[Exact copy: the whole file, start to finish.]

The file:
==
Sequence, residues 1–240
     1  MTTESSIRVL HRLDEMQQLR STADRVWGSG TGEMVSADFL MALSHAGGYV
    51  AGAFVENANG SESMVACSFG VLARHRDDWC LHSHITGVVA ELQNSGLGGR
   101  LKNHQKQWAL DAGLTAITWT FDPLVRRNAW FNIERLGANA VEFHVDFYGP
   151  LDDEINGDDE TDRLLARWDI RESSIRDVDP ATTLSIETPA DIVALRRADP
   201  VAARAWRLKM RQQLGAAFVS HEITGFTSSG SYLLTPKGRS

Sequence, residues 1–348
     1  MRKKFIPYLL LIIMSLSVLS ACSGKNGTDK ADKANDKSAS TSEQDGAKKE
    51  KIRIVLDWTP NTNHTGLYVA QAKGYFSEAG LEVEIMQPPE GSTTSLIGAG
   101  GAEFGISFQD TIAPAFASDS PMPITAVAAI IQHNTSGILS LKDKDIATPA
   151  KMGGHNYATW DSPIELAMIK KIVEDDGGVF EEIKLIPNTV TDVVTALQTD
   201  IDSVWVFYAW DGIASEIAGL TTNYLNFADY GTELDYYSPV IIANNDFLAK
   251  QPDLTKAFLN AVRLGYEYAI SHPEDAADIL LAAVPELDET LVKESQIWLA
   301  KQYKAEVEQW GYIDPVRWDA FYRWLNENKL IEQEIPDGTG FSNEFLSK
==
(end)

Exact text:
Sequence, residues 1–240
     1  MTTESSIRVL HRLDEMQQLR STADRVWGSG TGEMVSADFL MALSHAGGYV
    51  AGAFVENANG SESMVACSFG VLARHRDDWC LHSHITGVVA ELQNSGLGGR
   101  LKNHQKQWAL DAGLTAITWT FDPLVRRNAW FNIERLGANA VEFHVDFYGP
   151  LDDEINGDDE TDRLLARWDI RESSIRDVDP ATTLSIETPA DIVALRRADP
   201  VAARAWRLKM RQQLGAAFVS HEITGFTSSG SYLLTPKGRS

Sequence, residues 1–348
     1  MRKKFIPYLL LIIMSLSVLS ACSGKNGTDK ADKANDKSAS TSEQDGAKKE
    51  KIRIVLDWTP NTNHTGLYVA QAKGYFSEAG LEVEIMQPPE GSTTSLIGAG
   101  GAEFGISFQD TIAPAFASDS PMPITAVAAI IQHNTSGILS LKDKDIATPA
   151  KMGGHNYATW DSPIELAMIK KIVEDDGGVF EEIKLIPNTV TDVVTALQTD
   201  IDSVWVFYAW DGIASEIAGL TTNYLNFADY GTELDYYSPV IIANNDFLAK
   251  QPDLTKAFLN AVRLGYEYAI SHPEDAADIL LAAVPELDET LVKESQIWLA
   301  KQYKAEVEQW GYIDPVRWDA FYRWLNENKL IEQEIPDGTG FSNEFLSK